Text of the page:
Let’s preface those previous statements very quickly:
- The Sony a900 came out at a time when both the Canon 5D Mk II and the Nikon D700 were dominating sales.
- The Sony a850 that was released afterward was essentially the same camera.
- The NEX series had better image quality than Micro Four Thirds in its infancy, but still wasn’t up to par of many other DSLR sensors.
- Sony then started to do the whole DSLT thing and started to create much better cameras.
- After the Sony NEX 6 was released, then the a99, it made a lot of sense to start looking at Sony as a serious competitor. That’s when they really started to take off.
As we’ve seen in many market trends in the photography world in recent years, mirrorless cameras have been growing in popularity for a while now. Sony has risen to the top of the mirrorless camera game since the NEX 5 and NEX 3 came out years ago. What’s been a major part of the company’s strength is the ergonomics in a small form factor yet a large sensor at the heart. With these, lots of photographers forgot about Canon and Nikon overall with their DSLRs and frankly sub-par offerings in the mirrorless camera market. So why would Sony even bother updating the a99 series?
This is curious; Sony updated the a77 a while back and there surely are a lot of photographers that like the DSLR form factor. Additionally, there are lots of fantastic lenses for the Alpha mount.
But then you consider the fact that the Sony a99’s sensor is still pretty good. It wasn’t bad to begin with and the autofocus system to this day still isn’t that terrible. With the right lenses and lighting, any camera’s output can shine. Some of the biggest changes have to do with the autofocus on top of the new sensor (also in the a7r II) and the 4K video updates. It’s expensive; but that doesn’t stop people from buying it or even the a7r II which is still being bought by many photographers.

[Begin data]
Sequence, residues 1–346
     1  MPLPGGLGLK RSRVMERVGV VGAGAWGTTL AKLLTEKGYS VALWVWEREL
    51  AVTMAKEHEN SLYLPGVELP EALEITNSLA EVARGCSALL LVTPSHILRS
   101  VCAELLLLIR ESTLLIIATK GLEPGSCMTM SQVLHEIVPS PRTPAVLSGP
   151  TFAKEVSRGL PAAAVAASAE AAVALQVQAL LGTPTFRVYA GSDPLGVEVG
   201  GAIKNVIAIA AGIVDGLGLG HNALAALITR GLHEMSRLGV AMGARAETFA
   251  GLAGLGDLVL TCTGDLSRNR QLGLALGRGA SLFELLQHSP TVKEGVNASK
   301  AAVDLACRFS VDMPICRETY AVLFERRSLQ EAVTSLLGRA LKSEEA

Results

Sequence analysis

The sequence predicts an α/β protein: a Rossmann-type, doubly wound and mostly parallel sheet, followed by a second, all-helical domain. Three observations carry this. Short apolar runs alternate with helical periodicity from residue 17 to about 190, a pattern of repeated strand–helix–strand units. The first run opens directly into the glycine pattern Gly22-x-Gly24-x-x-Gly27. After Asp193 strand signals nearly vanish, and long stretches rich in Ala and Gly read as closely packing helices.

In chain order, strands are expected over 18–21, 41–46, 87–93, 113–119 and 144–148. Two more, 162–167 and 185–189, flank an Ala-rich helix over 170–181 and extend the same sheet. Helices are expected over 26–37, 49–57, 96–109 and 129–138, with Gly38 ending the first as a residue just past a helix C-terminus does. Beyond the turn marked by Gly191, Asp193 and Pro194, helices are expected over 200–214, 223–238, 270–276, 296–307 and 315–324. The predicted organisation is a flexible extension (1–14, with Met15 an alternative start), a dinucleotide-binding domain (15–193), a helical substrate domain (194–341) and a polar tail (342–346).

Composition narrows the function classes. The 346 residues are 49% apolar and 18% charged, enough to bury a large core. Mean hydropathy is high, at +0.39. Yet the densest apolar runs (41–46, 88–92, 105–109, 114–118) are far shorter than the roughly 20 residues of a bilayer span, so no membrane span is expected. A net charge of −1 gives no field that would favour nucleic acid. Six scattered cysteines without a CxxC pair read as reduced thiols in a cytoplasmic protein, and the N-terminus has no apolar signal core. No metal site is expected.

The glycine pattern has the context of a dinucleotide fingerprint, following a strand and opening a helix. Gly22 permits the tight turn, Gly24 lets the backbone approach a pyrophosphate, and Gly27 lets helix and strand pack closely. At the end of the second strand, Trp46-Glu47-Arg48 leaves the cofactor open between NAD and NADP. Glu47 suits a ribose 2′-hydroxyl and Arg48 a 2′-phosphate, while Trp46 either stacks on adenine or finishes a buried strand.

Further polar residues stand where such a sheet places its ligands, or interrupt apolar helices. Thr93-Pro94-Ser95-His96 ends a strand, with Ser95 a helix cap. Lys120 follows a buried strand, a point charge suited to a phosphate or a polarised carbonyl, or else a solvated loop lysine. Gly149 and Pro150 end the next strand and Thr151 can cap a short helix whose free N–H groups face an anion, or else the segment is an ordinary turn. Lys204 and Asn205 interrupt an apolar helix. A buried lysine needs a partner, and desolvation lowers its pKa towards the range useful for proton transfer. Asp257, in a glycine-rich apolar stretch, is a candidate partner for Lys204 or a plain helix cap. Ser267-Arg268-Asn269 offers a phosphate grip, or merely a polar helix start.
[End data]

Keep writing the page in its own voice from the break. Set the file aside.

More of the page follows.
Let’s not do injustice to the camera though: the absolute biggest and most glaring difference between the a99 II and the a7r II is the autofocus system that is only really capable of being so incredibly fast with the addition of a translucent mirror system. This probably means that a new adapter could be on the way to give the a7r II this focusing with Sony’s A mount lenses. Indeed, the a99 II is specifically targeted at wildlife and sports photographers, in fact that’s what a lot of their presentation was about. But when the a7r II was announced, the presentation was highly targeted to studio and landscape photographers. Despite this, its autofocus is no slouch either considering that it focuses faster with Canon’s lenses than Canon’s DSLRs do.
The photographers who are most likely to purchase the a99 II are professionals and there could even be a few that own the a7r II that will want this. But as it is, Sony’s market share isn’t mostly the DSLR market, it’s the mirrorless market. At an earlier press conference this year, I asked for clarification from Sony on their sales figures and the increase, to which they told a room full of journalists that they’re mostly rising in the mirrorless segment. It honestly makes sense; and it’s overall nice to see that they’re not completely giving up on the Alpha mount though I’m sure it would make a lot of sense if they did.
Then we consider the fact that lots of people are moving away from DSLRs to mirrorless cameras–which the a99 II is not. This could even be the end of the a99 lineup of cameras, especially because I don’t see a reasonable update coming in 2020. By then, the industry is going to be a far different place with 360 cams, virtual reality, augmented reality, mirrorless, and phones all taking a bigger part of the chunk of the industry.
I’m sure the Sony a99 II will be a terrific camera, but I’m not sure that it was needed.